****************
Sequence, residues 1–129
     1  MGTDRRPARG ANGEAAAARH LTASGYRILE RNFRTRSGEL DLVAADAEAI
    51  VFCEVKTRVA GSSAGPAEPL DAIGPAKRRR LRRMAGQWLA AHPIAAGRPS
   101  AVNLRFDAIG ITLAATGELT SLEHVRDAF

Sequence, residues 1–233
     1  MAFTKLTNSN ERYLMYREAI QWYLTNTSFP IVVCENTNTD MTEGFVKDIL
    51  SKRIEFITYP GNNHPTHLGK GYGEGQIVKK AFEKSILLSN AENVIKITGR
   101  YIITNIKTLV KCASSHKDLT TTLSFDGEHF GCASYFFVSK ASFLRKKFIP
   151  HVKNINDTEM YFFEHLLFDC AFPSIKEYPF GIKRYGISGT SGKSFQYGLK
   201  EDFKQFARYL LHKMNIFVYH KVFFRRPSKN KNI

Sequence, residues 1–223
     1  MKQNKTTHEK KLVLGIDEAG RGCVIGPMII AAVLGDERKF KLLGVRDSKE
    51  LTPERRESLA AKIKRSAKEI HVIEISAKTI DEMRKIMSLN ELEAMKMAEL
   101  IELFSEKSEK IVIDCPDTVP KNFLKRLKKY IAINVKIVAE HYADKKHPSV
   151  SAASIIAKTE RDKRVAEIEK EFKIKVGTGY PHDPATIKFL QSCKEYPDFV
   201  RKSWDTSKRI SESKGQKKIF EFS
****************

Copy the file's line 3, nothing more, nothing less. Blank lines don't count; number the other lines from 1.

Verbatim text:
    51  VFCEVKTRVA GSSAGPAEPL DAIGPAKRRR LRRMAGQWLA AHPIAAGRPS